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Being thankful always – not just at Thanksgiving...

I’m not an American, and I’ve never celebrated Thanksgiving – so I cannot write from my cultural perspective about this holiday, but I do feel the act of giving thanks applies to us all. I think internationals, regardless of nationality, should take the opportunity to express gratitude in a meaningful manner in their host country.

Photograph: Unsplash

Text: Lyndsay Jensen

Being grateful, in collaboration with giving back, is good for human beings. So, I encourage you to give back to your community, regardless of what country you’re from and what country you are presently living in.

The act of giving thanks and gratitude is universal

As you can expect, there is a privilege that accompanies living, working, and thriving in another country. That privilege often comes with financial, emotional, professional, and physical well-being. One of the things I think is essential in our journeys from country to country is to contribute intentionally and personally to our environment — by giving back.

Thanksgiving is a friendly reminder to everyone to “give thanks” for the many things we have in life. In that same fashion, I think it is appropriate for us when we are abroad - we should incorporate a sense of thankfulness and gratitude to those around us, such as our local friends, colleagues, and the general population. Expressing thankfulness for what your host country has given you can be returned in pleasant and heartwarming ways.

Here are my three top ways to give back now and in the future as an international:

#1 Community volunteer

Understanding the local needs allows you to give back in an area that will use your qualified skills in your community to create an impact. First, determine your capacity (time, resources, effort), find an area in need in your community and offer your assistance. Remember to volunteer in an area where you have a purpose, passion, or both - your service could be more long-term than a once-off. It could be tutoring (Danes love to learn new languages), rescuing abandoned animals, working in the local charity shop (great for practising your Danish) or volunteering at the local kommune (municipality).

#2 Share your knowledge

You are working in your host country primarily because of your expertise, or your spouse has a job here. During your downtime, share your insights and help build skills and capacity. Offer skill development to members of the population who might not otherwise have access. What is the missing knowledge gap in your community? Provide workshops, webinars, or services to improve local community needs. Offering intro-level knowledge and practical applications on subject matters like leadership development, business development, global digitalisation, and trending technology are all insights that help small business owners (I know many international entrepreneurs who have started this way). Also, if you are creative and have teachable and fun hobbies, share those too. Arts and crafts, music, painting, sports, and physical wellness are all valuable experiences for all ages. Your knowledge and expertise, free of charge, go a long way in building capacity and relationships.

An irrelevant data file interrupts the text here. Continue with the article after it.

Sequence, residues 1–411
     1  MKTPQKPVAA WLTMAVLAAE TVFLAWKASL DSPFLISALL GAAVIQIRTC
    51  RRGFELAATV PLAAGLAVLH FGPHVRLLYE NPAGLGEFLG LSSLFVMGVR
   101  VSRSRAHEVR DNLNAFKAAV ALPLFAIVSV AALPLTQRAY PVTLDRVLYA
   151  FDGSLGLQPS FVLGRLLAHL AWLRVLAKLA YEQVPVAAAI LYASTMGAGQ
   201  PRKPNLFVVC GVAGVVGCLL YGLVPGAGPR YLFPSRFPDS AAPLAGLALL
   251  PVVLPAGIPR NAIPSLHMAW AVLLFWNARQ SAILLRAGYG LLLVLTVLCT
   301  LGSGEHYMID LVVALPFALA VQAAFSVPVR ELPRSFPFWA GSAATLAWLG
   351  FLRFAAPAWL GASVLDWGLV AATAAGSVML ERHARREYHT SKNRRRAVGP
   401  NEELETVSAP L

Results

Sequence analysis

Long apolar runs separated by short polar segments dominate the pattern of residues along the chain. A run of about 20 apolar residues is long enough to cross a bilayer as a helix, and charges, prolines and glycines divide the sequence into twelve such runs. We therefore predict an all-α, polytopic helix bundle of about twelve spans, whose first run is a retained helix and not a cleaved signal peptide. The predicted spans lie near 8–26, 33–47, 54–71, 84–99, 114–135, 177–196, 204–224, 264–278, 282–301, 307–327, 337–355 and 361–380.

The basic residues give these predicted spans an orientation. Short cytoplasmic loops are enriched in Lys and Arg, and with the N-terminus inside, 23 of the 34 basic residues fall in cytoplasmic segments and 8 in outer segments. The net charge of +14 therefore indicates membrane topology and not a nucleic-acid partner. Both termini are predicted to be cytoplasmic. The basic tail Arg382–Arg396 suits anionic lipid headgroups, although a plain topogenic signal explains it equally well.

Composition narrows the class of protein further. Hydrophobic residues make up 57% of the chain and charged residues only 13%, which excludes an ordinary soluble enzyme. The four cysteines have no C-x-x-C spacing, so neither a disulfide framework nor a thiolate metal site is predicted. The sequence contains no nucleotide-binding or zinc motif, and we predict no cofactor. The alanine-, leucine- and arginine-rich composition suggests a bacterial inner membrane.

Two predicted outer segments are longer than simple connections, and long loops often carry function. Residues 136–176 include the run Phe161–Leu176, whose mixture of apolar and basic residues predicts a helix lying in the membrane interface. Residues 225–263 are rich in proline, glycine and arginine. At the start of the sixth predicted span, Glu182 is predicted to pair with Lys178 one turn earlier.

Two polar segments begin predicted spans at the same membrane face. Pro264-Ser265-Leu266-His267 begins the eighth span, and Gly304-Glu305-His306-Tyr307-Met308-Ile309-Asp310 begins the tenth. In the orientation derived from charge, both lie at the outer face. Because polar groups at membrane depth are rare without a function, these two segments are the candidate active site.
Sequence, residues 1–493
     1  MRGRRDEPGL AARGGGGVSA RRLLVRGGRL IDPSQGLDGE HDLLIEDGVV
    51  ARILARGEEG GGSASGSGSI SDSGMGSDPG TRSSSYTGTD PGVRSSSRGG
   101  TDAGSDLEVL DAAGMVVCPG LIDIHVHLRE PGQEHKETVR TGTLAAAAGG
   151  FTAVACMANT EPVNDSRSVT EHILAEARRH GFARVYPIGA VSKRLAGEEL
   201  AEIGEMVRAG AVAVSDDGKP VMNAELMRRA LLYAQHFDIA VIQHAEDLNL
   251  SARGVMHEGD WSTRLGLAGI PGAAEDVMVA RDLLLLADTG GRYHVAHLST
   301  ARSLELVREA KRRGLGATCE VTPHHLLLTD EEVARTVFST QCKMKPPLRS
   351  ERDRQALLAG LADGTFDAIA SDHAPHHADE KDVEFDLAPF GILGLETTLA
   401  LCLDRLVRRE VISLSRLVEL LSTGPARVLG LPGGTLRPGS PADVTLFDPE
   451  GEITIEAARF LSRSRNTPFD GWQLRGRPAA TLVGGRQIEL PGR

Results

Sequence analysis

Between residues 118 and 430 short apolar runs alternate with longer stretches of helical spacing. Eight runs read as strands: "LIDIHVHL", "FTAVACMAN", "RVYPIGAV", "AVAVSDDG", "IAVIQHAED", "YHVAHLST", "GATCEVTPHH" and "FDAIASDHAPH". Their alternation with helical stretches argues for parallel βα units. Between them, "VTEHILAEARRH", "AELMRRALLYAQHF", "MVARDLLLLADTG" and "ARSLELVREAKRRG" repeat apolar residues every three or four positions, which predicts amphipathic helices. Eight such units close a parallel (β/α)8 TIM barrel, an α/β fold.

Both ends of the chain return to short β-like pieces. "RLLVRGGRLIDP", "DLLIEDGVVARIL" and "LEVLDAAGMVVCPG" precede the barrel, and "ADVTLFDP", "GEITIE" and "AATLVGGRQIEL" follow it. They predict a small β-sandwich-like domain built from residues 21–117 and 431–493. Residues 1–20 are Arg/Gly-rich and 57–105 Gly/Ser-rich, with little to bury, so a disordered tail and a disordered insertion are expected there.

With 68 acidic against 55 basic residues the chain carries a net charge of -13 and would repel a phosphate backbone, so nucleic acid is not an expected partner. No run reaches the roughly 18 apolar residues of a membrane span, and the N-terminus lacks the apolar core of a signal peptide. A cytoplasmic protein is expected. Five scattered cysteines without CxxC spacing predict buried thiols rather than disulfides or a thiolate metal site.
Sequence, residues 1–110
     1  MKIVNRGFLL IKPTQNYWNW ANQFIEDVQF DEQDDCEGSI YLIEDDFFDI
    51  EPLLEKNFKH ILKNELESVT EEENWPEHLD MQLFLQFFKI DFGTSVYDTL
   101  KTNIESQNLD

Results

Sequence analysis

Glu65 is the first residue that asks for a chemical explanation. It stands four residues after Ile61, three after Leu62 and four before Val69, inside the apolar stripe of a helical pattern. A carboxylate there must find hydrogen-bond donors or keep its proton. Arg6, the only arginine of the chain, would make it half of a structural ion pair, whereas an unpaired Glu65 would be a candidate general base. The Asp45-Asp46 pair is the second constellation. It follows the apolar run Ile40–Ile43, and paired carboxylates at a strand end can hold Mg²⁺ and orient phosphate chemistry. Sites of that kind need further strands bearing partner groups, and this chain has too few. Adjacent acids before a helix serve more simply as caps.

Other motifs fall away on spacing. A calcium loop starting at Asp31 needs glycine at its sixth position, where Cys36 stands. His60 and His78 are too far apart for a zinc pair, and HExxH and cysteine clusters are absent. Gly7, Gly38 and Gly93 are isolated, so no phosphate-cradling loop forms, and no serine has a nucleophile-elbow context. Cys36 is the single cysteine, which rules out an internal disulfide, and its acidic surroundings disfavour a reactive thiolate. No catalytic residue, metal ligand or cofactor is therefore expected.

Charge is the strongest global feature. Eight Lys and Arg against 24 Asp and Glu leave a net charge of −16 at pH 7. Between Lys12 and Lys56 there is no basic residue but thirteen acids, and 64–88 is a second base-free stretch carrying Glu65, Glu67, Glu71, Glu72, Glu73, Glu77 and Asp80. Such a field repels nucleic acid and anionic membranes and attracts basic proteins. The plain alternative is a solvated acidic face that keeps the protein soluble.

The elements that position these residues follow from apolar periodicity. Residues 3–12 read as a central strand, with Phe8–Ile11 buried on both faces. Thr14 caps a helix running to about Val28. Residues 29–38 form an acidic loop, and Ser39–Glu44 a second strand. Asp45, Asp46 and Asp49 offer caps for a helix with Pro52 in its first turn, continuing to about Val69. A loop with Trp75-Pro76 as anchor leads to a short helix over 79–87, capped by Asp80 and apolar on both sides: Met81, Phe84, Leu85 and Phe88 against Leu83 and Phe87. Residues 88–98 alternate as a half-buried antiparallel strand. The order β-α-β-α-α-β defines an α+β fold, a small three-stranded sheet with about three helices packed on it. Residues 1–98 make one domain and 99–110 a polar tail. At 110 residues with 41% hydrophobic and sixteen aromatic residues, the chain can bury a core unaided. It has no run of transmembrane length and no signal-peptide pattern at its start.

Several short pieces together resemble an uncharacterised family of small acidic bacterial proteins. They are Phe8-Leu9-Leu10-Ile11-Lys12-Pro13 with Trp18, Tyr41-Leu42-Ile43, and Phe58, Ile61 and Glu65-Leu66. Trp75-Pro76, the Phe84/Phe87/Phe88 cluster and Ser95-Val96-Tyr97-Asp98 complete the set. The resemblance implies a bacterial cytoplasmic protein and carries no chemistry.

#3 Become an anchor for others

Do you remember how nervous and overwhelmed you felt when you first moved to Denmark? I do, and that was 16 years ago. Luckily Denmark has gotten used to the idea of internationals now and is more inclusive than ever before – you newbies have it so much easier! Most internationals rely on the knowledge and support of others to find their feet - what a great position to be in to return the favour! Ask that new mom or dad at the local folkeskole (public school) or that new colleague at work how they’re settling in. If you hear someone speaking English in your local supermarket, ask them if they need help (that’s how I met one of my friends). Become a Social Media Ambassador with The International to share, explore and meet others in your local area, or reach out to other ambassadors when you visit their town! Granted, you’re not going to help everyone – some people don’t need it or require it, but knowing you have that support and talking to someone who has been through the ups and downs is invaluable!

#4 Shop and support local business

Not technically volunteering, but it is an immense act of giving back and supporting the local economy. Buying local is one of the biggest things we can always do to help the community in which we live. Shop at the local grocery store, local farmer, and other small businesses – but also remember to support other internationals with small businesses. Supporting local businesses helps to grow the economic infrastructure, which can lead to long-term investment in the country.

Additionally, we must bring the best of ourselves into the local community - part of that is showing our expression of gratitude and respect for their culture to those we live around daily. Giving back in this respect is not an act of charity but demonstrating care by fulfilling a need in the community to which you belong. Giving back to your local community in any way possible shows you care for your host country and its people. There are so many more ways to give back – I’ve only suggested my top 4 – add to the list, and find one that fits you.

If you have family, ensure your children and spouse do the same. The adage is true from my perspective — the more we give, the more we gain. Happy Thanksgiving, not just for November, but every day.

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